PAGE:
Effects of Processing Parameters on Friction Stir Welded Lap Joints of AA7075-T6 and AA6022-T4
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Friction stir welding (FSW) is a solid-state welding process that has a number of advantages over traditional fusion welding techniques when attempting to join aluminum or dissimilar material workpieces. It is expected to play a large role in the automotive industry, where aluminum alloys are becoming more prevalent in mass-production vehicles. The research in this thesis evaluates overlap FSW joints between thin sheets of AA7075-T6 and AA6022-T4 when the welding parameters of tool geometry and welding speed are varied. The resulting joints are characterized by optical microscopy, overlap shear tests, microhardness tests, and temperature measurements. The effect of a post-weld heat treatment is also examined. The main objective of the research are to determine a tool geometry that can produce good quality welds over a wide range of operating conditions, for use in an industrial setting. Friction stir welds of good quality are made successfully at speeds of up to 500mm/min, and it is found that weld microhardness and joint strength are greater at faster welding speeds; whereas temperatures in the weld area are lower at faster welding speeds. Five different tool geometries are tested, and the tool design that delivers the best performance is a one that uses a concave shoulder shape, and a pin with a tapered profile, threads, and 3 flats. A post-weld heat treatment at 180°C for 30 minutes is found to increase joint strength by approximately 10%. Future studies involving transmission electron microscopy, corrosion testing, and fatigue testing are recommended in order to supplement the results presented in this thesis.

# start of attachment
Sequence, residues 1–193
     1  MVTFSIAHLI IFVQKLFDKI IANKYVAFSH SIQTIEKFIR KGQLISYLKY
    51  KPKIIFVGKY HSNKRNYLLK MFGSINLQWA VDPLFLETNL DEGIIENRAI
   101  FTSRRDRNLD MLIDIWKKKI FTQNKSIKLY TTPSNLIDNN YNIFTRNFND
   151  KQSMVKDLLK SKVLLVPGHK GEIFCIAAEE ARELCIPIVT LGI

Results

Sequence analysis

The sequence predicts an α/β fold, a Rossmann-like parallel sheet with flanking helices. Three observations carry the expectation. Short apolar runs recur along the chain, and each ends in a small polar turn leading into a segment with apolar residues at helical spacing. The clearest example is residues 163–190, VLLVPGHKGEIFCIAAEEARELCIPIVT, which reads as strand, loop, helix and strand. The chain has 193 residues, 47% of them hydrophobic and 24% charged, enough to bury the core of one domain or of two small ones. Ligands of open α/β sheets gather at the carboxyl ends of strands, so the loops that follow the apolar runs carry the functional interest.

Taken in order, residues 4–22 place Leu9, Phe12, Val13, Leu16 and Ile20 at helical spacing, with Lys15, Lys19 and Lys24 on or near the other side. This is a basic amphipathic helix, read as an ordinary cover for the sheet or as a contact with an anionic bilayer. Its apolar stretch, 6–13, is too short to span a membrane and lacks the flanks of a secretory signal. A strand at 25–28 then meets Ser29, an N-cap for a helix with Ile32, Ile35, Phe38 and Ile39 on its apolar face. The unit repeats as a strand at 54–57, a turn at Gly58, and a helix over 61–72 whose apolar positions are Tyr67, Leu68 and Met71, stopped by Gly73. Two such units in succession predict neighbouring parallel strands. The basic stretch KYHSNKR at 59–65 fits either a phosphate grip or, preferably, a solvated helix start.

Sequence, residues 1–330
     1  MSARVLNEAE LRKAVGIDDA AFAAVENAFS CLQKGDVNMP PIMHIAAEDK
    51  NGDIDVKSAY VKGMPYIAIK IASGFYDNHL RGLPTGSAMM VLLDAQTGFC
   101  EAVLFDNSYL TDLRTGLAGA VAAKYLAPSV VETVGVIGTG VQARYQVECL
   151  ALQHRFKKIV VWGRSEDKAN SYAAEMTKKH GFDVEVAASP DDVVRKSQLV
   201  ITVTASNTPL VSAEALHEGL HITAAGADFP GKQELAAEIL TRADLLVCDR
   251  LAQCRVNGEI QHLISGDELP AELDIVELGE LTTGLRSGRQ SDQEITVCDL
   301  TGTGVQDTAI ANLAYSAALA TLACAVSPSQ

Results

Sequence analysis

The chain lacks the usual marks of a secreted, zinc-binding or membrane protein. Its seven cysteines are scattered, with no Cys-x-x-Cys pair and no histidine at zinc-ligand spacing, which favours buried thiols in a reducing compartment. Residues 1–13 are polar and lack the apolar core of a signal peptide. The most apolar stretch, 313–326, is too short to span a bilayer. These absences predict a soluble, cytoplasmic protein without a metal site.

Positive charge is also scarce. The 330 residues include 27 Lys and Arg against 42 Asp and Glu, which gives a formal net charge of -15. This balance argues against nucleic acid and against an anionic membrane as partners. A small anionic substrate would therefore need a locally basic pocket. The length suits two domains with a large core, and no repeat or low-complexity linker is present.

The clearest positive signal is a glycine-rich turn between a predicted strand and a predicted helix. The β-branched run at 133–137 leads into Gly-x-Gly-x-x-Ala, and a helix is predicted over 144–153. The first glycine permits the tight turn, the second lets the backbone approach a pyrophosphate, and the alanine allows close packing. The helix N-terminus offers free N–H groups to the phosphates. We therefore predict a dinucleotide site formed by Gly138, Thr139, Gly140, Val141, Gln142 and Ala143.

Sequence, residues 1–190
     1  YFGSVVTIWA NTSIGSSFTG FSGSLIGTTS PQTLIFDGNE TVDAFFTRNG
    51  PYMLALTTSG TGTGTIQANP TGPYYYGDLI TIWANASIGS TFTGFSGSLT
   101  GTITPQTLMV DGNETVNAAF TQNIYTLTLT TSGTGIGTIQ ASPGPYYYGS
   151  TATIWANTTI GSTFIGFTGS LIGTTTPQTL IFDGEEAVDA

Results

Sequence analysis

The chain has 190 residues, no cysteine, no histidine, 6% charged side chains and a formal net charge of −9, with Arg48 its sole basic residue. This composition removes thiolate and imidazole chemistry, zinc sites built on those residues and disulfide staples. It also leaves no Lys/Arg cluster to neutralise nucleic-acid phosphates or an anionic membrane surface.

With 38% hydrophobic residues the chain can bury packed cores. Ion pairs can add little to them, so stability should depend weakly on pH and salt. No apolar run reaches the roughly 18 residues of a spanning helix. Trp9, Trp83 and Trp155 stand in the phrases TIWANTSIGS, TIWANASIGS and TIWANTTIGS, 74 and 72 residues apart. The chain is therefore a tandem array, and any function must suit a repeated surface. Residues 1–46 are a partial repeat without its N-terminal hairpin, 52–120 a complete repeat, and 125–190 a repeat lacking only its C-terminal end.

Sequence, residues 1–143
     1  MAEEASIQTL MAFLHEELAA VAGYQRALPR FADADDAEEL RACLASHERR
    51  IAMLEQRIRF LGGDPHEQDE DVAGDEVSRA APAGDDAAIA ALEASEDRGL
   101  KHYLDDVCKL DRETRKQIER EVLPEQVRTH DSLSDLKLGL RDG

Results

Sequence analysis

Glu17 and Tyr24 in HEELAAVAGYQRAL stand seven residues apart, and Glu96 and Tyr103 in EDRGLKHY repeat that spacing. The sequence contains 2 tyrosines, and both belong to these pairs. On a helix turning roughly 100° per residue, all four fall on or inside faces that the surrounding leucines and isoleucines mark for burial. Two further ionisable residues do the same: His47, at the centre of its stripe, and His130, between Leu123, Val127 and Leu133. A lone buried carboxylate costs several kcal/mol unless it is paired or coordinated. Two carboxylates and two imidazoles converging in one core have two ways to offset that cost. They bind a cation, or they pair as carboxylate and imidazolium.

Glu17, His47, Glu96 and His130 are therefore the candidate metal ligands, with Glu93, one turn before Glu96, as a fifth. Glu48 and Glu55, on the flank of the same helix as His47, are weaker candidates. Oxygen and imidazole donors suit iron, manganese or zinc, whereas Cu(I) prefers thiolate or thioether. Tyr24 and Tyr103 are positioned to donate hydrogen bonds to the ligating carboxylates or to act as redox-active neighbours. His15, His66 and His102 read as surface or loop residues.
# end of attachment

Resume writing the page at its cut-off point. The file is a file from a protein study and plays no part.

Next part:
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Michael Booth (2016). Effects of Processing Parameters on Friction Stir Welded Lap Joints of AA7075-T6 and AA6022-T4. UWSpace. http://hdl.handle.net/10012/11021